A new way to embitter Palestinian lives
Settlers in the occupied territories are converting springs and other water sources into memorials and tourism sites.
Settlers in the occupied territories have found a new way to embitter Palestinians' lives: converting springs and other water sources into memorials and tourism sites, as Zafrir Rinat reported in yesterday's Haaretz. As if it were not bad enough that Palestinians have no access to most of these springs since they are barred from using roads near the settlements, Israeli flags now fly over these water sources and they are walled off by fences and guards.
"Over the last two years there has been great development in the tourism field, and as part of the development program [sponsored] by the Tourism Ministry and the council, fouled springs are being turned into pleasant tourism sites ... and opened to the general public," the Mateh Binyamin Regional Council wrote in one of its publicity brochures.
But they aren't open to the entire public. The whitewashed language used to justify the new venture is only a prelude to this statement: "For obvious security reasons, and due to the terrorist attacks that have occurred in the past, the Israel Defense Forces do not allow Arabs access to springs near the settlements."
This is the time-honored system for abusing the Palestinians and driving them off their lands, under the settlers' dubious orchestration. First they set up a settlement (which is ostensibly legal ) or an outpost (which is illegal even by Israeli standards ). Next, the IDF, which is committed to ensuring the settlers' safety, refuses to allow Palestinians to travel in that vicinity.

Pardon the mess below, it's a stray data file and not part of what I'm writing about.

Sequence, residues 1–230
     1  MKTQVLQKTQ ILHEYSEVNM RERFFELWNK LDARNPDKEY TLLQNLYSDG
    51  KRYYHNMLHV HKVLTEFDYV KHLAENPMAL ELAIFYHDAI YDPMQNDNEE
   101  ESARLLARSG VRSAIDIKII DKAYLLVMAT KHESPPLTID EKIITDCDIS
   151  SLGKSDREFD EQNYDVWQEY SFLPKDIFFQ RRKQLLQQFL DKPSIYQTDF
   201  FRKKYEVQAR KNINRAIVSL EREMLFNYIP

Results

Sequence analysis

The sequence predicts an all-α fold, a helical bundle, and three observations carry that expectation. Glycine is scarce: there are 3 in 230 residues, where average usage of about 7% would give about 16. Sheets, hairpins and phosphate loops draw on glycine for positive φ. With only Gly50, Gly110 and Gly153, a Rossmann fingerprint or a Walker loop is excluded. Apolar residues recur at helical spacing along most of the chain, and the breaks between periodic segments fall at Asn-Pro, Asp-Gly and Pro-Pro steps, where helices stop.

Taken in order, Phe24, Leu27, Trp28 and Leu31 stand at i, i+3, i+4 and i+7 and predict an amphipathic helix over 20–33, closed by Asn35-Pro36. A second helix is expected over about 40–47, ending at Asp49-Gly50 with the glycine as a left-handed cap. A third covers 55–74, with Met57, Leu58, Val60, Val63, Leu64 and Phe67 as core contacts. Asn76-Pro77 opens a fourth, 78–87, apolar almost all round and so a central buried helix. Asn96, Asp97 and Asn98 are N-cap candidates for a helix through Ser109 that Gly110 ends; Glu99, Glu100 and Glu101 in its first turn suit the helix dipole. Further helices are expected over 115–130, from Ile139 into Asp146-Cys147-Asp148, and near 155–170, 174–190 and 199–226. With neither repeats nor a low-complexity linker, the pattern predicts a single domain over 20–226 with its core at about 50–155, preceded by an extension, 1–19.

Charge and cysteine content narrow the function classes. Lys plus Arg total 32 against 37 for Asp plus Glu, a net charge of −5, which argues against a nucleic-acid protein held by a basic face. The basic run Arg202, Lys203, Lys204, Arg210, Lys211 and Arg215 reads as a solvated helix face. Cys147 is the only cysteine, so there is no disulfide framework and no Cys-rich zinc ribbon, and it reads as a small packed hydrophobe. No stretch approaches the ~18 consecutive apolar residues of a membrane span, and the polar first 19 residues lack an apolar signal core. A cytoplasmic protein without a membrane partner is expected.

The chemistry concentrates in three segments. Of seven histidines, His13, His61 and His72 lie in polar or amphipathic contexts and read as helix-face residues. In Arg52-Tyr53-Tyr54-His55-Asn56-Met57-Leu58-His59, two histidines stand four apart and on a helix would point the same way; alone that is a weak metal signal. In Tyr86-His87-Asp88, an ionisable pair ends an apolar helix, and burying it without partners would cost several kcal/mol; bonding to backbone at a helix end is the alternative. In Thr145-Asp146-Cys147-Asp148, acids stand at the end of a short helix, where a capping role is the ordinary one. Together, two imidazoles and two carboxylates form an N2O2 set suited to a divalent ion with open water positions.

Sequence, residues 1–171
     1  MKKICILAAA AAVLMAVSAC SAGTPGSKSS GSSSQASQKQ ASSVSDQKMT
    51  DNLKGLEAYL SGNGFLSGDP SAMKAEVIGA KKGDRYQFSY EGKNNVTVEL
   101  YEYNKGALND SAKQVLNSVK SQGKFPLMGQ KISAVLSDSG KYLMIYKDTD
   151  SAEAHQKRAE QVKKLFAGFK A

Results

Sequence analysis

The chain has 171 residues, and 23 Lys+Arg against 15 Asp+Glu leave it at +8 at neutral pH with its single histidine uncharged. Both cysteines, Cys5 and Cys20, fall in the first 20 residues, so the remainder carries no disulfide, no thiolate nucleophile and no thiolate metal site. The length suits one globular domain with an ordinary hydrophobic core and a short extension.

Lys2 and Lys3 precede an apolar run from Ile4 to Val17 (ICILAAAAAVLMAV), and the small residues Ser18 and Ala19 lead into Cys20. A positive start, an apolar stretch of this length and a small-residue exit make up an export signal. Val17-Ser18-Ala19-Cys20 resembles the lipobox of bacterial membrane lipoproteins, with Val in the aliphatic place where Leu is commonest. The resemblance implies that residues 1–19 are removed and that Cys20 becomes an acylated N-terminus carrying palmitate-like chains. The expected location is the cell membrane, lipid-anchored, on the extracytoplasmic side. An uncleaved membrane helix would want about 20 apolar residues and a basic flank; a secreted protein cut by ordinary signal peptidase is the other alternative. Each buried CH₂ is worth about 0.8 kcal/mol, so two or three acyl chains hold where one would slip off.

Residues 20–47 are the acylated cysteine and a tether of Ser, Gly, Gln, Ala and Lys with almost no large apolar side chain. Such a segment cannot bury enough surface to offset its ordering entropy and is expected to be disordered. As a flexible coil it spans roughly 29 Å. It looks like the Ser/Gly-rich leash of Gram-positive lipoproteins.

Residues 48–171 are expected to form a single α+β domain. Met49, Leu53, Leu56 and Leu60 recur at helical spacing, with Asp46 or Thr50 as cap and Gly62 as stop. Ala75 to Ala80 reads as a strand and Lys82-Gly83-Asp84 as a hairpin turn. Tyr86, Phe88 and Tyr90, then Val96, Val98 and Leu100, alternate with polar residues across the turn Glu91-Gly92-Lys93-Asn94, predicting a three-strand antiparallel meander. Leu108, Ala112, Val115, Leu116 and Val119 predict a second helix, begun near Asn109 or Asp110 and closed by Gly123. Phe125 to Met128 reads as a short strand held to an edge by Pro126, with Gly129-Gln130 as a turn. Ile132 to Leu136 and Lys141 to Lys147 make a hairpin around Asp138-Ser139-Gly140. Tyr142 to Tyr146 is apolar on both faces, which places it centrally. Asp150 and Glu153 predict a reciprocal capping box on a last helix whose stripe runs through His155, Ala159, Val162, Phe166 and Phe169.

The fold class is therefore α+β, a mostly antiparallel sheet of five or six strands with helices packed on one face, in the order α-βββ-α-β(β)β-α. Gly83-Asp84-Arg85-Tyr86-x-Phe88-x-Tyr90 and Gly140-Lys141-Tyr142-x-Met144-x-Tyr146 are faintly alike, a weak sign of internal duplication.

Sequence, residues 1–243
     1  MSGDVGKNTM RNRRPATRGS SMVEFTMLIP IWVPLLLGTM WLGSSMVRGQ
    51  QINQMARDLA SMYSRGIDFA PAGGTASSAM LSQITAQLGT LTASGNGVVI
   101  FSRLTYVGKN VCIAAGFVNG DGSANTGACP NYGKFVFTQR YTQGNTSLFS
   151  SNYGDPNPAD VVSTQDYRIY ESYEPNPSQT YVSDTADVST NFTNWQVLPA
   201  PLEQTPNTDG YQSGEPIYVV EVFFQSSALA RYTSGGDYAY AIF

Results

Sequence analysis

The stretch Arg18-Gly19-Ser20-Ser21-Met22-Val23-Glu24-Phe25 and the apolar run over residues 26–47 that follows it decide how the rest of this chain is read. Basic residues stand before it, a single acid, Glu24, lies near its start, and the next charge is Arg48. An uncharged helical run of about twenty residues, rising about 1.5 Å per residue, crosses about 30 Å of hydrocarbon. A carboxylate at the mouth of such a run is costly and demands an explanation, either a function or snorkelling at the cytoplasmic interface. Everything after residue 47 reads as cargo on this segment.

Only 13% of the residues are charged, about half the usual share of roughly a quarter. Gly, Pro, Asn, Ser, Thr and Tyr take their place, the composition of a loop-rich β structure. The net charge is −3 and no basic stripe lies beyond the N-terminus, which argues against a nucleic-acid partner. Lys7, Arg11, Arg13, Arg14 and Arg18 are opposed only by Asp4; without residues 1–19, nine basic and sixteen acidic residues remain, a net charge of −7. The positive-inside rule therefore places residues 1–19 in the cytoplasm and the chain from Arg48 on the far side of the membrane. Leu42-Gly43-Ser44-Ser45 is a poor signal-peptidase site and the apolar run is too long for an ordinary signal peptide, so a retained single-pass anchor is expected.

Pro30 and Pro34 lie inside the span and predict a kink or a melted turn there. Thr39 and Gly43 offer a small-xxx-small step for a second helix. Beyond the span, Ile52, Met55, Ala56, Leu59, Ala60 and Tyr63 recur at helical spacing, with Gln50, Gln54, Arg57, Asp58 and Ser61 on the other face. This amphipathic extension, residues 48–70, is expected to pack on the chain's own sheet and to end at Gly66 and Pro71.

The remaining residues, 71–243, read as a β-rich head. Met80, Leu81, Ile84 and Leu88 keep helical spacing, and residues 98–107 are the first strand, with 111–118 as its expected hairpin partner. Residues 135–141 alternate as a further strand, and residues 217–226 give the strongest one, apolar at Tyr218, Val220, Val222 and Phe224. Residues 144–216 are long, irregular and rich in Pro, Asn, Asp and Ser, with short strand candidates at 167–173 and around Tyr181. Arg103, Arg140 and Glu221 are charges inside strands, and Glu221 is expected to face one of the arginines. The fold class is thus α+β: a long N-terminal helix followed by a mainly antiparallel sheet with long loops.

But even this is not enough for the settlers, so they create provocations. For their takeover of the springs does not just deny the Palestinians access to water sources; it also, and primarily, creates a violent provocation. Putting up a sign that erases a spring's Arab name and invents a Hebrew name to replace it, or destroying an ancient building and putting up a memorial in its place in an attempt to create an exclusive Jewish settler memory, are provocations solely for the sake of provocation.
"Access to the springs is liable to change, in order to prevent violent friction," the IDF Spokesman's Office says. So the settlers are being rewarded twice over: Instead of punishing them for their Wild West behavior, the state is standing behind them and supplying them with protection and funding.
The Tourism Ministry must understand that such shameful colonialist acts are liable to make it hard to market Israel as an open democracy. The ministry would do better to reconsider the costs and benefits of this project and remove its aegis from the settlers' disruptive behavior.